Dan Neumann: [12:08] The eighth place where I see a challenge is people run to Kanban because the Scrum boundaries are uncomfortable, so what does that look like? Very often it looks like a team getting to the end of the sprint and delivering an increment is challenging. Maybe it’s hard to integrate the code. Maybe there are defects, but there’s a lot of challenges and it’s very difficult to put together a product increment every sprint, but these are your opportunities for improvement, not your reason to run away and use a different approach. One of the misconceptions with Kanban is that it is an iteration list Framework. In reality, Kanban has values and principles. Just like Scrum, just like agile. So in Kanban you start where you are, you visualize your workflow, you limit your work in process so you’re not thrashing and trying to work on too many different things. You measure and manage that flow and then you use continuous improvement. So there’s a theme of continuous improvement that runs through agile is in Scrum and is in Kanban. But you’ll notice that in those values of Kanban, there is nothing in there that says it is devoid of iterations, so none of these principles speak against iterations. In fact, with starting where you are, if you’re a Scrum team and interested in Kanban, you would start where you are. You would visualize the workflow, which is your Scrum workflow. Then you limit work in process, you make policies explicit. I left that out earlier and then you measure and manage flow and continuously improve over time, which brings us right to the ninth myth. You don’t go to Kanban, you apply Kanban’s values to the work that you’re doing and you embrace those principles. In other words, you just start doing Kanban. There’s nowhere to go. You just make your work visible. Perhaps your workflow is as simple as to do, doing and done. That’s an okay place to start if that truly is your workflow, but what you want to do then is have explicit policies about what it means to have something start doing, to move from doing to done and then you’re going to look at your data that you’re going to gather about how work flows through that system and then you’re going to continuously improve over time.
Dan Neumann: [14:41] One of the cautions here is not to invent a new workflow that you imagined will work. Kanban doesn’t say pretend you have a new workflow and create that on the wall. Just to start with where you are and I’m really excited that in probably about a month, we’re going to have a podcast coming up with Daniel Vacanti, and if you are curious about Kanban and metrics and how to measure flow and what it means when you start talking about lead time and cycle time and throughput and how you can use that for continuous learning. I think you’ll be excited to listen to Daniel and I discuss that. Like I said, it’ll probably be a month or maybe a little bit more of schedules hold. Of course we will inspect and adapt based on how things go between now and then.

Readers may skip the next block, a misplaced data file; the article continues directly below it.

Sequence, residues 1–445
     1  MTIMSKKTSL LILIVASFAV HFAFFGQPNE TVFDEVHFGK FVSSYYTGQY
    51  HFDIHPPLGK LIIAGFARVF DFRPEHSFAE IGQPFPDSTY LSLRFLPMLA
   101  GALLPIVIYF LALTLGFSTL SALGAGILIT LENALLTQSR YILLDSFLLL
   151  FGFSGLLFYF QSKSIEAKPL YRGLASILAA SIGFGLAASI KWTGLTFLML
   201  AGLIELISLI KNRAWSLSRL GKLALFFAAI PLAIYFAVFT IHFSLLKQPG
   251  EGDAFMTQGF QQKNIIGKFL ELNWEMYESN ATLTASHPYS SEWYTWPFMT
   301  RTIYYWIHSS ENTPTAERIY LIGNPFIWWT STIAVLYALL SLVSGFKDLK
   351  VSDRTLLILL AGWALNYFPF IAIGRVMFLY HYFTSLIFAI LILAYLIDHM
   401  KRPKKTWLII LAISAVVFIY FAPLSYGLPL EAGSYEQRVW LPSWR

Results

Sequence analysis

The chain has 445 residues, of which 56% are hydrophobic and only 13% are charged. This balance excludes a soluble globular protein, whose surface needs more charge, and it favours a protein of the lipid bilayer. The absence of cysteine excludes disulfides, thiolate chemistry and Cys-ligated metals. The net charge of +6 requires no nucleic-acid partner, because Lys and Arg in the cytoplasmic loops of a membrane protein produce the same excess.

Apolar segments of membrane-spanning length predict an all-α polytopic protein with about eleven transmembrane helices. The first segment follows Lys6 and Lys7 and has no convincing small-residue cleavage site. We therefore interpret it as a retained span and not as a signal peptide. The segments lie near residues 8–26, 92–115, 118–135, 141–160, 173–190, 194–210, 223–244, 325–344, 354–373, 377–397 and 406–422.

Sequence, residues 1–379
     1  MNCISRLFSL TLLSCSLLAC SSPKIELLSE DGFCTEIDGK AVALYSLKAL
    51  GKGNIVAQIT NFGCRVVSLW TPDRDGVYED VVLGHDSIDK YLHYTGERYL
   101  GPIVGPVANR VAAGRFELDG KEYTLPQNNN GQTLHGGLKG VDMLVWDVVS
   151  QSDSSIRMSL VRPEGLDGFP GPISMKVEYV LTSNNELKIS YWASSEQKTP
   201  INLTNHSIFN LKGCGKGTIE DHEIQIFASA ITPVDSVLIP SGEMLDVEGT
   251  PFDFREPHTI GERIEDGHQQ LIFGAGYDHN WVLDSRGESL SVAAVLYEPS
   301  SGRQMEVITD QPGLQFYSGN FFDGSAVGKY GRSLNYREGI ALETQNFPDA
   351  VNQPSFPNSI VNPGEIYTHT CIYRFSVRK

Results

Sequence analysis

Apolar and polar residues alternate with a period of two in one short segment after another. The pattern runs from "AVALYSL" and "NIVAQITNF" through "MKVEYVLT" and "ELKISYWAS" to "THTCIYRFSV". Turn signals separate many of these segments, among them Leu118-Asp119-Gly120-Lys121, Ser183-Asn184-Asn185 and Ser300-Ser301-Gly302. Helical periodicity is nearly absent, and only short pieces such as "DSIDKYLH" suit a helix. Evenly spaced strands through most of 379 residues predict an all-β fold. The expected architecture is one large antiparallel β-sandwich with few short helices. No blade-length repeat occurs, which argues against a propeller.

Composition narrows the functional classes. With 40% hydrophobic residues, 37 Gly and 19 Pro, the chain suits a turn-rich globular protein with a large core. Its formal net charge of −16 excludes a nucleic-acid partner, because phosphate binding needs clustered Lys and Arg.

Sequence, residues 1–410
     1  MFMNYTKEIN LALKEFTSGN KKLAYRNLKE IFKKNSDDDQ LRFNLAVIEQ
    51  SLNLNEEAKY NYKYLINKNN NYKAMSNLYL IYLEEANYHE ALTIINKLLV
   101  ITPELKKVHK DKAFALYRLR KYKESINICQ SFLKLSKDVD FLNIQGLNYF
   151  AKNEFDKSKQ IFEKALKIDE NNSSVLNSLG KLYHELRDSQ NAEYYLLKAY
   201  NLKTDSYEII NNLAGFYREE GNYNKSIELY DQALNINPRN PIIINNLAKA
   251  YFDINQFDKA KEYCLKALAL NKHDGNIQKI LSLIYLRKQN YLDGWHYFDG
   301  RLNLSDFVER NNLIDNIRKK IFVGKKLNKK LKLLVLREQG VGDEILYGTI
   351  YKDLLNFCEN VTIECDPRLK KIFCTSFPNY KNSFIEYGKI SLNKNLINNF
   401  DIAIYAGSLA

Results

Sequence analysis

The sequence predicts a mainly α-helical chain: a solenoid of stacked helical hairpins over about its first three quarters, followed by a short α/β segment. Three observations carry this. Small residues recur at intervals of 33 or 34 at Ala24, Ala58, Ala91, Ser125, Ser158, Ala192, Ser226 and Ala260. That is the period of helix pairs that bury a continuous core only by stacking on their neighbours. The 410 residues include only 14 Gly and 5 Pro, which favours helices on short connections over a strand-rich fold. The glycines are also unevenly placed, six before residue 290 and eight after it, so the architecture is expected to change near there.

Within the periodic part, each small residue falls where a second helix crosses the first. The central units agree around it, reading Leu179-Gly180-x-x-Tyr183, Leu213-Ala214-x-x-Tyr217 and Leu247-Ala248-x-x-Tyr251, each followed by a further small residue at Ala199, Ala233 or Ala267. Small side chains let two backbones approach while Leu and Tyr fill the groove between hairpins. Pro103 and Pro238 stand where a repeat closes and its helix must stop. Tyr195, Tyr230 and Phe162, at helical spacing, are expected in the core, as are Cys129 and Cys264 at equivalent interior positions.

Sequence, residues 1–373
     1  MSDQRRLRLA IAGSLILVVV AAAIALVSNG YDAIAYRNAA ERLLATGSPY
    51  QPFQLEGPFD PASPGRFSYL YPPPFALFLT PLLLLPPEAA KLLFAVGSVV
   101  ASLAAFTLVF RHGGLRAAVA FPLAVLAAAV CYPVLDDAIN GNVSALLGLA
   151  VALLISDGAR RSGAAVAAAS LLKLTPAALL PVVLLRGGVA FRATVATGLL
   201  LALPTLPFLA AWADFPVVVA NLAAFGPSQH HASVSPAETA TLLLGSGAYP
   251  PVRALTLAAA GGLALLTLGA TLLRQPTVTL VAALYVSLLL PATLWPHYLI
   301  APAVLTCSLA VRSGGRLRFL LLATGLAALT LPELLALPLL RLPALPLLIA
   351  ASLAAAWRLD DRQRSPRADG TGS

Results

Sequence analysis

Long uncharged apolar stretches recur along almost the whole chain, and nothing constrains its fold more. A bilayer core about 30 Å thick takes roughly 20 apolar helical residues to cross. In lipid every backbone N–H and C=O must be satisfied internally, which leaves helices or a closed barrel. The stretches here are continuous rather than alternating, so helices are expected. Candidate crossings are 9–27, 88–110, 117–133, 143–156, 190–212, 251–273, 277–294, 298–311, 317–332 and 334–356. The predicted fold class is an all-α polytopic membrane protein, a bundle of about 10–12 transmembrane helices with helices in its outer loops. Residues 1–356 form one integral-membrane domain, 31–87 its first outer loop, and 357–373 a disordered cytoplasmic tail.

Dan Neumann: [15:28] The 10th misconception that I want to share with you or 10th myth is that Scrum and Kanban are mutually exclusive. I’d mentioned that we have the Kanban principles start where you are measuring managed flow, limit work in process, make policies explicit. None of those things are going against any of the roles, events, artifacts or values of the Scrum Framework, so by all means, Kanban and Scrum. They go incredibly well together. There’s an episode where Eric Landes and I explore that topic and you can use the information you glean from Kanban to help improve your team’s ability to deliver using the Scrum Framework.
Dan Neumann: [16:16] So I hope some of those things help. Like I said, I run into these 10 myths fairly frequently as an agile coach and I would be curious if you are willing to share myths that you run into are misconceptions about agile, Kanban and Scrum. You can tweet it to us with the #AgileThoughtPodcast or you can email them directly to me at email@example.com and I’d be happy to see what you have to share and if you disagree, that’s fine too. We’d love to hear where your disagreements are and maybe we’ll both learn something from each other.
Dan Neumann: [16:52] At the end of the episodes. Usually I ask the person who is participating with me, what book they’ve been reading lately and well, since it’s just me, I’m going to share that I’m really excited about having consumed the book, “Radical Candor,” and I did that just very recently because Christie Erbeck and I are going to be recording a podcast probably in a week or two, so it’ll come out shortly after this one on the topic of radical candor and what that really means for managers and for the teams that they manage and how applying radical candor can really be transformative in the workspace. So I’m really looking forward to that. It was something that I think I misjudged the book by its cover and by the title, and so I’m looking forward to a really deep discussion with Christy Erbeck on that topic very soon, so hopefully you’ll also download that episode. Thank you very much.
Outro: [17:45] this has been the Agile Coaches’ Corner Podcast brought to you by AgileThought, get the show notes and other helpful tips from this episode and other episodes at agilethought.com/podcast.